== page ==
Analysis: And so the Borg arrive on Voyager, not with a bang – well, not much of a bang – but a whimper. I’m of a double mind about “Unity” because as much as I appreciate the attempt to tell a story about the Borg that isn’t a rehash of all the threats of assimilation and sexy Borg Queen posturing that predominate in the post-First Contact, era, this introduction to the most feared species not only of the Delta Quadrant but indeed of all Star Trek feels anticlimactic. For one thing, it immediately presents the idea of the Borg as vulnerable, which diminishes the ingenuity that Picard’s crew always had to summon, not even to defeat the Borg, which was often impossible, but merely to escape with their lives. Here we see a group of survivors of the Battle of Wolf 359 who have not only recovered their individual personalities and memories, but who share abilities because they were Borg that they wouldn’t possess if they had never experienced assimilation. Rather than being terrified of any sort of mind control as a result of their experiences, like Picard, they are eager to find a way to exploit Borg technology to create a new hive mind, and to assimilate individuals who don’t want to be a part of their collective. The monstrous evil represented by the Borg is simultaneously defanged and spun in a new, more compromised direction. Last week, reviewing “Blood Fever,” I was thinking about how much social understanding of consent in intimate situations has changed since Voyager first aired – how an assault conviction used to depend on proof that someone had said no, while now we understand that the question shouldn’t be limited to whether someone said no but whether someone was unable or unwilling to say yes. Seska’s violation of Chakotay, stealing his gametes, was unquestionably an intimate assault, yet in some ways I find it less problematic than Frazier’s violation of Chakotay, which is mental as well as physical. She literally gets inside his head to turn both his desires and his self-control against him. Whereas Picard never stops fighting the Borg, Chakotay scarcely starts.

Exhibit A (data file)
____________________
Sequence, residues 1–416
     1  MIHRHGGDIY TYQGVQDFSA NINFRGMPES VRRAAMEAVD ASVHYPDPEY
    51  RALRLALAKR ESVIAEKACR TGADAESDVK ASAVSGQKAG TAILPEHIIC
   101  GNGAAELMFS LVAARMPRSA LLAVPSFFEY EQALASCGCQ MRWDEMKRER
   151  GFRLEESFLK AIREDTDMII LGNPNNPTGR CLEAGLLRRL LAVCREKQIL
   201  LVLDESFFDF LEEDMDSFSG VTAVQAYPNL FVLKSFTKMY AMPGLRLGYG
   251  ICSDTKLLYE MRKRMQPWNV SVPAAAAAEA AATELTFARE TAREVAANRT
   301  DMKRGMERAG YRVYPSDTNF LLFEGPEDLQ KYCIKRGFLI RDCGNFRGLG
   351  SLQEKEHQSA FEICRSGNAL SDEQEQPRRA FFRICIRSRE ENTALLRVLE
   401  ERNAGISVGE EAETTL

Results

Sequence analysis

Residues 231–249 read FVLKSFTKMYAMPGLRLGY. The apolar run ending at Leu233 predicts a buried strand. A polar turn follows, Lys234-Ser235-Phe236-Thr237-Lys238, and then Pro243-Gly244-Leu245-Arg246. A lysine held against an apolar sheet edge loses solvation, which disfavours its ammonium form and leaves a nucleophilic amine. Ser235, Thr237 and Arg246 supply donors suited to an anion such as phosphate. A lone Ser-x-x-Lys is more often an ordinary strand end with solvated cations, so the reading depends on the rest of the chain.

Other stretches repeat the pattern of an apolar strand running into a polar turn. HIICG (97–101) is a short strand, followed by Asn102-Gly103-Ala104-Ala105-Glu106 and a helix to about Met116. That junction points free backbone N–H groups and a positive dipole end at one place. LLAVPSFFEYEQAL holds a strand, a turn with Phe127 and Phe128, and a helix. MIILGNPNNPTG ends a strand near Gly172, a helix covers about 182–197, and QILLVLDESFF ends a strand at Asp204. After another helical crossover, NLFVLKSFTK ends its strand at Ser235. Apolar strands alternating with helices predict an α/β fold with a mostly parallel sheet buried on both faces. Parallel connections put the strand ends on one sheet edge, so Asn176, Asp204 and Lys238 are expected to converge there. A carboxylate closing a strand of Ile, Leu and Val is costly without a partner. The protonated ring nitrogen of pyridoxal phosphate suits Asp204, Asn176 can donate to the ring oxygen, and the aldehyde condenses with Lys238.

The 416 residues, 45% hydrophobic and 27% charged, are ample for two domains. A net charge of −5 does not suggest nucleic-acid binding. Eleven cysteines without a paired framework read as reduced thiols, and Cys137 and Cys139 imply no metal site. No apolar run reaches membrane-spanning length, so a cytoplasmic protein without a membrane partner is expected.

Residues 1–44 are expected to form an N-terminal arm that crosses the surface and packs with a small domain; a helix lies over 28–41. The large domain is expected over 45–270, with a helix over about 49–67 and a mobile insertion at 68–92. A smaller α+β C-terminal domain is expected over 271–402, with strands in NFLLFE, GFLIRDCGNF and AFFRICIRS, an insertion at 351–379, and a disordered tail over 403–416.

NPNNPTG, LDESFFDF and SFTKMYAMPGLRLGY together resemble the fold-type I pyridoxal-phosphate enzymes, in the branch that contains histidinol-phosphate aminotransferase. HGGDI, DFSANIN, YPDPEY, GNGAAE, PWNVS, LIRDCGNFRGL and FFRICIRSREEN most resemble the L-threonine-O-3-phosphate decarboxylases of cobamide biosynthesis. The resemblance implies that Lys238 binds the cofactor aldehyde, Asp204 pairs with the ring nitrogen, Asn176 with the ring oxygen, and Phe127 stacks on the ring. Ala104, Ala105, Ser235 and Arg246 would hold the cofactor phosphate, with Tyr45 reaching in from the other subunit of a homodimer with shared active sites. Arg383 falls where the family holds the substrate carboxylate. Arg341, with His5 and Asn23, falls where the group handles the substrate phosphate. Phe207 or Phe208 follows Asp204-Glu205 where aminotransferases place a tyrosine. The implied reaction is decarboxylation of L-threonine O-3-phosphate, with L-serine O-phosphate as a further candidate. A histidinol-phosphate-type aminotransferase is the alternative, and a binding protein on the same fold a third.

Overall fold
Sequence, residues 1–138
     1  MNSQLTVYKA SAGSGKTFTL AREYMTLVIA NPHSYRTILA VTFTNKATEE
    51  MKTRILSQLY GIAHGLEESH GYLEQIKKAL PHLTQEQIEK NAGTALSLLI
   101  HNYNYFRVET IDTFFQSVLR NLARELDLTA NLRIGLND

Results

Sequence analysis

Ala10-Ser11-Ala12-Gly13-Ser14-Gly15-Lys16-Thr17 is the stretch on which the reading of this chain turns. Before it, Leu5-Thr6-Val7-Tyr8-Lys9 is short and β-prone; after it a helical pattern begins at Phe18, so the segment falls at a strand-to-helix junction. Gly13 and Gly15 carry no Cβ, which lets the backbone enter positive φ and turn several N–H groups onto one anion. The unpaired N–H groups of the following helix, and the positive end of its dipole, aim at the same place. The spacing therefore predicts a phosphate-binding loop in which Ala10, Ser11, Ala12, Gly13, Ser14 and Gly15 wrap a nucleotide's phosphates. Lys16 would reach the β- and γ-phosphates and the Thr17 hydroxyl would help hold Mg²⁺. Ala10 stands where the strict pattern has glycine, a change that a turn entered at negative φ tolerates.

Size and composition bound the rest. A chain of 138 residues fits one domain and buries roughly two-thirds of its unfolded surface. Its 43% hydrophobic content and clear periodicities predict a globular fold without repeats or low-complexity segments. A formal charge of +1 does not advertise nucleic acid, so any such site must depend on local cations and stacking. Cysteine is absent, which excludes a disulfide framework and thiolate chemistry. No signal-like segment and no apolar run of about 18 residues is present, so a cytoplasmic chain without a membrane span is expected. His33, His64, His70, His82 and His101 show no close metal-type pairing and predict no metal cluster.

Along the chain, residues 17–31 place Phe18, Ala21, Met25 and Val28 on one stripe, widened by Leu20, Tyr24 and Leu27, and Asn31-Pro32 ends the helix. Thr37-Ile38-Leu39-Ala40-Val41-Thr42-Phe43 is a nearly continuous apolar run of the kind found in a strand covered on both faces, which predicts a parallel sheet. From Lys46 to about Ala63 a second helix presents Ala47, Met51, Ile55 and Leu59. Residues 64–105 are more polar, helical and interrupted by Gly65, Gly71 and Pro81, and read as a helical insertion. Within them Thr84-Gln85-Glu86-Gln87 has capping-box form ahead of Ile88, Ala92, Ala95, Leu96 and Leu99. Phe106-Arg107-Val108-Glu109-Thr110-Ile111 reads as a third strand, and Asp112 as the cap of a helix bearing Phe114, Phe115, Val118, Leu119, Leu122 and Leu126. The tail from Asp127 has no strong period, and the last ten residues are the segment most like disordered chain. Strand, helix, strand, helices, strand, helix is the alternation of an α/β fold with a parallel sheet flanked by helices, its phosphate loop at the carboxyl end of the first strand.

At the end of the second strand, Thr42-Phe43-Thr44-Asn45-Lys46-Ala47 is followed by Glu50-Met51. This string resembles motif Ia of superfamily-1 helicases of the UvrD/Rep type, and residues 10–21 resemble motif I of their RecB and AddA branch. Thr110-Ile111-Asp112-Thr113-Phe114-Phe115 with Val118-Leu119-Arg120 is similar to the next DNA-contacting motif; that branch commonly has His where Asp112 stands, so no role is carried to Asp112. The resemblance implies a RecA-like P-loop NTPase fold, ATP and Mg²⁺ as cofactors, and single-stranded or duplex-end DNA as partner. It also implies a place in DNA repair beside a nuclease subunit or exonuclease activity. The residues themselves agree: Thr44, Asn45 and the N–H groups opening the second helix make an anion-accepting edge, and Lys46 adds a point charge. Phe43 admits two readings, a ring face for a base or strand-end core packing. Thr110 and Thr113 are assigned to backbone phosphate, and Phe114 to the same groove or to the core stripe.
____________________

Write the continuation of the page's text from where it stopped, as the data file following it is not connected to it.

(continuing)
Riley Frazier doesn’t present initially as a typical femme fatale, but that’s what she becomes, and it’s so much more aggravating to see in a show from the ’90s than it was in a show from the ’60s. Frazier bats her eyelashes while she suggests hooking Chakotay up to a Borg neural interface and he agrees without a second’s thought about what that might mean from a tactical perspective as well as a personal one. Even though it turns out that none of the colonists are interested in Starfleet secrets – not even the Romulan, who seems as sincerely infatuated with Frazier as she pretends to be Chakotay – he can’t know that until he’s already in a link that could open everything in his mind to them. He doesn’t know about the victory by Picard and Data over the Borg Queen, nor has he seen the defunct Borg cube that Voyager finds and in response immediately goes to red alert. Rather than being willing to lay down his life as so many others have done to protect the Federation from the Borg, he opens himself to their technology, all because an attractive woman assures him that they won’t do anything underhanded. As with “Blood Fever” and various other third season episodes of Voyager, I had hoped that time would temper my feelings and help me to dislike certain aspects less than I once did. I know how the series is going to end, so there’s no point in lamenting things that got screwed up in early seasons, particularly when they led to things I ended up enjoying, like Paris and Torres getting together and Janeway becoming the most effective captain to face the Borg. Yet I often find myself even more disturbed, though I’ve always been able to overlook aspects of the original Star Trek that are artifacts of their era, like the frequently sexist treatment of Uhura and Rand. I suppose it was inevitable that sooner or later the writers would give Chakotay a Gratuitous Love Interest of the Week, but did they have to make him look like such a passive pushover, vulnerable to any long-haired woman who came along and told him what to do?